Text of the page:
Ten artists explore ‘beauty’ in a group show curated by Peter Herbert and The Arts Project.
The Conference Centre, St Pancras Hospital, 4 St Pancras Way, London, NW1 0PE
Monday 7 November 2016 to Thursday 19 January 2017
Monday to Friday 9.00am to 5.00pm.
A stunning new art exhibition on the theme of Beauty and the Beast will have its opening night and preview show at St Pancras Hospital on Friday 4 November at 6pm.
Service users are among the ten artists whose work will be displayed in “The Shapes and Lines of Beauty”, including striking images by a former soldier who received treatment at the Trust for post-traumatic stress disorder.
Shaun Cole’s work evokes the colours of the Middle East, where he served as a soldier and he credits his works’ striking use of repetitive dots, reminiscent of aboriginal art, with helping him to “bring order” to his experience of PTSD (Post-traumatic stress disorder).
The aim of this latest exhibition in St Pancras Hospital is to encourage people to consider the nature of so-called ‘beauty’ and to question pleasing appearances.
Arts Project curator, Peter Herbert, who will be displaying two of his own pieces of work, said: “This is an exhibition bursting with warmth, vigour and imagination. “Ten artists have produced work celebrating ideas of beauty and covering a broad spectrum. This is a fascinating concept and one that is well worth exploring further”.
At C&I, the profile and use of art, particularly in therapy, is a crucial part of the services offered at the Trust and its use incorporates many of the Trust’s pledges contained in its new Clinical Strategy.*
Notes to Editors
Please see below for further details of the artists and artwork on display.
SYBIL ADELAJA expresses the face and body as conduits to the inner soul though obsessive line drawing scribbles, which convey real power and forceful imagination.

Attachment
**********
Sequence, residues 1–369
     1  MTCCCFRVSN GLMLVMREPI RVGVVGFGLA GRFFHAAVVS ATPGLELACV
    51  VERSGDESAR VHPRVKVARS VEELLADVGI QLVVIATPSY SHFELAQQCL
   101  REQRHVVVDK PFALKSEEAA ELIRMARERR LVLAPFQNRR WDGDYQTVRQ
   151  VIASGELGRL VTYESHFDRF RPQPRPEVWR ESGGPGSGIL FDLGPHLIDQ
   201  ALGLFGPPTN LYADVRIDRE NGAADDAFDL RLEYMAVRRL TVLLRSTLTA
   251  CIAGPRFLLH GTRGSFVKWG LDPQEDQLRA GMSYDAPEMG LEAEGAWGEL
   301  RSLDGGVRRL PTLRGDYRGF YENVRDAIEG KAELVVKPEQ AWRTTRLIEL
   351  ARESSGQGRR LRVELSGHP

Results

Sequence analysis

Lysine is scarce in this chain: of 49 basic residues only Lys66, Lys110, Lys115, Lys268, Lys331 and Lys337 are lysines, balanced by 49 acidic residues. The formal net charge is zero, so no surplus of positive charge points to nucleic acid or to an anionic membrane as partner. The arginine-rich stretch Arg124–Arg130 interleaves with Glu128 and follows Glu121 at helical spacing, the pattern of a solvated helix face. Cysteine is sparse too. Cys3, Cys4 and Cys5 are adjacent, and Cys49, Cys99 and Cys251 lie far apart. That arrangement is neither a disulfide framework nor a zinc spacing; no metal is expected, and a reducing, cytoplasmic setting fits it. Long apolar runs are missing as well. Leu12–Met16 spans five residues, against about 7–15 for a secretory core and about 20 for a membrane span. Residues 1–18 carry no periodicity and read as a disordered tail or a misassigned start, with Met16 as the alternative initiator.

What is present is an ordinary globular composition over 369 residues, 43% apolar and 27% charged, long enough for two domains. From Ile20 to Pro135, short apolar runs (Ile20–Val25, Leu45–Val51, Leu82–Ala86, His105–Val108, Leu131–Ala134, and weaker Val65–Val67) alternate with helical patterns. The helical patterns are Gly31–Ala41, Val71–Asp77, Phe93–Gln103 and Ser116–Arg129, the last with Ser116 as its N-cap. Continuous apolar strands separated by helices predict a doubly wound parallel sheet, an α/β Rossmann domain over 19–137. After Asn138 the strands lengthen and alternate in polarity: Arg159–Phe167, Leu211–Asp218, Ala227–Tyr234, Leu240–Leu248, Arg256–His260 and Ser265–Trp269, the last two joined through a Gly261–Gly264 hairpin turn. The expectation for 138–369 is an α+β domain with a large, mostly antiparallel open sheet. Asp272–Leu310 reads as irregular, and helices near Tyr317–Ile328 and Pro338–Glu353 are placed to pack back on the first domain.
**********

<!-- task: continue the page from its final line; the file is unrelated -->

CHRIS BIRD's images which use rapidograph pens to create black lines on white with red colours have been published in THE BIG ISSUE and exhibited over the years. The result is a growing body of work responding to the beautiful and confusing energy of life in the big city. Within complex patterns the artist is drawn to faces in the crowd through which he emphasises marginalised people who inhabit the daily life of our city.
EDWARD BLAKE produces work inspired by a background studying architecture. These composite creations revel in layers of frames within frames, stained glass inserts decorated with flowers, foliage and texts of a personal nature.
RUBY BRADLEY is a self taught artist who contrasts traditional and delicate still life paintings of vases/bowls of flowers with new work, which develop into more abstract impressions of line and colour.
SHAUN COLE is a former soldier who was one of the war artists featured in our earlier ‘THE WAY AHEAD’ exhibition. Here, the artist returns with a wider range of work that evokes the colours of the Middle East, where he served as a soldier. His striking use of repetitive dots, recalls aboriginal art. This is artwork that helps to bring order to the artist's experience of Post Traumatic Stress Disorder. He is currently studying for a Fine Arts degree at Ipswich University in Sussex.